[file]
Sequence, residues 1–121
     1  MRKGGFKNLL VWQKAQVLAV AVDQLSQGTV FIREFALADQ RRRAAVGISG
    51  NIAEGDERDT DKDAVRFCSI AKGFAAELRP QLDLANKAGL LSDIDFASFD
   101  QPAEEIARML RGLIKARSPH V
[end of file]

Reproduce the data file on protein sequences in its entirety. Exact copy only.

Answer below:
Sequence, residues 1–121
     1  MRKGGFKNLL VWQKAQVLAV AVDQLSQGTV FIREFALADQ RRRAAVGISG
    51  NIAEGDERDT DKDAVRFCSI AKGFAAELRP QLDLANKAGL LSDIDFASFD
   101  QPAEEIARML RGLIKARSPH V